The First World War: trauma and memory
The First World War: trauma and memory

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The First World War: trauma and memory

1.1 Injuries of the First World War

Start by watching a short video in which a historian of the medical history of the war explains the kinds of injuries a soldier might have sustained and the treatments available at the time. As you watch, note if there’s anything unexpected or surprising in what is being discussed.

Download this video clip.Video player: ou_futurelearn_ww1_vid_1004.mp4
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Transcript

[MUSIC PLAYING]

MICHAEL PALIN
What sort of injuries were you seeing coming into Queen Mary’s at the very end of the war, the armistice time?
DR ANDREW BAMJI
I’ve got a set of notes here of a chap who was admitted here just before the armistice, in fact. And his name is Thomas, of the First Cheshires. And you can see that the whole of the side of the face has been literally just taken off.
MICHAEL PALIN
Just ripped out.
DR ANDREW BAMJI
Yes,
MICHAEL PALIN
And yet he was alive and conscious.
DR ANDREW BAMJI
He was still alive and conscious.
MICHAEL PALIN
I wouldn’t have thought that was possible, both alive and conscious.
DR ANDREW BAMJI
Well as long as it doesn’t take off a major artery, then he’s not going to bleed to death.
MICHAEL PALIN
When were these pictures taken? How soon after the injury?
DR ANDREW BAMJI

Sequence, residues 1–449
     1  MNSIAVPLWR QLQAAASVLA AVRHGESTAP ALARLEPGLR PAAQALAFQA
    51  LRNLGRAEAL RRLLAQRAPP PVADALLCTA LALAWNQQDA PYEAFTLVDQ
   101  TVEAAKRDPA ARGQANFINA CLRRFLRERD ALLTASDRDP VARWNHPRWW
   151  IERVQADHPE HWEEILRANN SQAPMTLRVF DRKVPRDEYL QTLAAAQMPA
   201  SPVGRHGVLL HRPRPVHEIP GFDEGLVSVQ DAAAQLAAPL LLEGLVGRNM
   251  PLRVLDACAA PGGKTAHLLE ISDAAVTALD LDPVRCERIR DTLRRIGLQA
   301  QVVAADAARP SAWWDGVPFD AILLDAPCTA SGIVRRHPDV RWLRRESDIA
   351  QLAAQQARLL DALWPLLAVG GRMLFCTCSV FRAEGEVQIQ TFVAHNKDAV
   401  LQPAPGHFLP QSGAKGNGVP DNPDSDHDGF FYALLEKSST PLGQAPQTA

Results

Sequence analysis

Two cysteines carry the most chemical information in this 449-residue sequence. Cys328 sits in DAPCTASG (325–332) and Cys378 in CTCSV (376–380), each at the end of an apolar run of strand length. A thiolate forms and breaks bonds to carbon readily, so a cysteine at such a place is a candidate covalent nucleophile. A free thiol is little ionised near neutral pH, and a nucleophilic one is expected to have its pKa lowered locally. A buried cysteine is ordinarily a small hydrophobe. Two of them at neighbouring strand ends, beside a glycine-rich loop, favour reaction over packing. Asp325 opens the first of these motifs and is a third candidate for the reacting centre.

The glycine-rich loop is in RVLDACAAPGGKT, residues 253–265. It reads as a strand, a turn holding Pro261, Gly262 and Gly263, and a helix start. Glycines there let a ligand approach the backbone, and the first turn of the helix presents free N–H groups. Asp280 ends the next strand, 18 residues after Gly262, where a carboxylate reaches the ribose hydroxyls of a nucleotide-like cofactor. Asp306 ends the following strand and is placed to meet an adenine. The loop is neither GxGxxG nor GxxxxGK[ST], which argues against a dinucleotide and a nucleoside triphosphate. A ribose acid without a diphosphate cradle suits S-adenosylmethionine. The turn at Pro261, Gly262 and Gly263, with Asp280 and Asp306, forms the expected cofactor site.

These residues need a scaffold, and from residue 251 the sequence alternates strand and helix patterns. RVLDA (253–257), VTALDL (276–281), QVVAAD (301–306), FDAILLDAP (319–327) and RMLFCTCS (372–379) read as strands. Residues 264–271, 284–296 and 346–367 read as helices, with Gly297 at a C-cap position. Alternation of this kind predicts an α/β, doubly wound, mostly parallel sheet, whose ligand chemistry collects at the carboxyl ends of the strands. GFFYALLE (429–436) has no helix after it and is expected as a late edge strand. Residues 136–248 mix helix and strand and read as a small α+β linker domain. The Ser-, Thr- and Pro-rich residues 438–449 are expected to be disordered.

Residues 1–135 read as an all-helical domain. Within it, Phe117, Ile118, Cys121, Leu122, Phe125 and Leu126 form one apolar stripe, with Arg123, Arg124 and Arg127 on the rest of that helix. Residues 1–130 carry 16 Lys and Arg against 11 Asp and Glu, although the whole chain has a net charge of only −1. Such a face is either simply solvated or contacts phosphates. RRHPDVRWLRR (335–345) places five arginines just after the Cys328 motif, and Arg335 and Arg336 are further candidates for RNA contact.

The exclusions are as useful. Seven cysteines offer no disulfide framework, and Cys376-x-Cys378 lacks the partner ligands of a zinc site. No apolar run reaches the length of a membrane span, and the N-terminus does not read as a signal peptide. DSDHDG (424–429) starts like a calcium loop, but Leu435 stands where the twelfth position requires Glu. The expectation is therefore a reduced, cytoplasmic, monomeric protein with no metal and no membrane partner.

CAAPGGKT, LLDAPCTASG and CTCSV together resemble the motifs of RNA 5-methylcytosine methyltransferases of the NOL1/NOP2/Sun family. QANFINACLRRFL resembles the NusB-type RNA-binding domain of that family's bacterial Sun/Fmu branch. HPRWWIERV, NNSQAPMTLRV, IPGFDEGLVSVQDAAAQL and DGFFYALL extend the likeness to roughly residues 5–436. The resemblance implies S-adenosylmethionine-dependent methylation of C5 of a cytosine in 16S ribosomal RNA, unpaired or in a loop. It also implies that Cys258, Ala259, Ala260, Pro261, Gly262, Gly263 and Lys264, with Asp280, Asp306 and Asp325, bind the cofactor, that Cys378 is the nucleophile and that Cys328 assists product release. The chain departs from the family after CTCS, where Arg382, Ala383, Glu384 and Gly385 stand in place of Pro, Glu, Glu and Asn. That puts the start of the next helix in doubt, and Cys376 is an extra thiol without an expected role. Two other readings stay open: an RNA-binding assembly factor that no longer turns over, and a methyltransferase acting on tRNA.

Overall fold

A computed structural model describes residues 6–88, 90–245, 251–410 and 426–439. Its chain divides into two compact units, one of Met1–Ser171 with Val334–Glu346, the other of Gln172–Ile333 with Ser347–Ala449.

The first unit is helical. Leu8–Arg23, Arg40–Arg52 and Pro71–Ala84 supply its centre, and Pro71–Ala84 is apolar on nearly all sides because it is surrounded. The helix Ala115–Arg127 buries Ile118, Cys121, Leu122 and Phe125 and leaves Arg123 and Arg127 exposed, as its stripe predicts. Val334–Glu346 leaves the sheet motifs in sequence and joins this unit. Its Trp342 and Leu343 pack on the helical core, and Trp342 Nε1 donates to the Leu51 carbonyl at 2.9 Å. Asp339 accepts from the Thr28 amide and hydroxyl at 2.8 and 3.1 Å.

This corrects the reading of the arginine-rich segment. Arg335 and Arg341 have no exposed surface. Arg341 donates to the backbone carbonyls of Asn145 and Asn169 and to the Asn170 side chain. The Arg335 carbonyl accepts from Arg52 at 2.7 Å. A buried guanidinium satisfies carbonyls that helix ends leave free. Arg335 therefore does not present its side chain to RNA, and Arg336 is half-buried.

This was taken about two weeks after the injury. And this is actually dated the 6th of November. And so we knew he would have been here at the time of the armistice itself. And as you go through, looking at the reconstructions, then just watch the dates. We’re now in 1921. And a whole series of tubes and flaps are being raised. And then when we get to August 1922, we’ve recreated the upper lip, and then you bring down a last flap to recreate the nose. And the very end. This is what you end up with. Our guy is now presentable.
MICHAEL PALIN
Push his face back, right? It’s just …

[MUSIC PLAYING]

MICHAEL PALIN
What do you feel about the way the wounded and that side of the war is seen?
DR ANDREW BAMJI
It’s neglected. Perhaps one of the things that really bothers me about the way that we look at war, and perhaps even the First World War in particular, is we only focus on the glorious dead. And in a sense, we’re not allowed to see the people who have been disfigured in the way that Private Thomas was disfigured. And if we don’t look at that sort of thing, how can we possible understand what war was really about?
End transcript
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Discussion of the First World War often highlights the appalling death toll. But there were many casualties, often horribly disfigured. Many of them led very reduced lives after the war and plastic surgery to make them look presentable was a process that could take years.

Even once the treatment was finished, the outcome was far from perfect. It is easy to understand why so many facially disfigured soldiers never lived a full life in society again, preferring to hide away with other similarly injured men.

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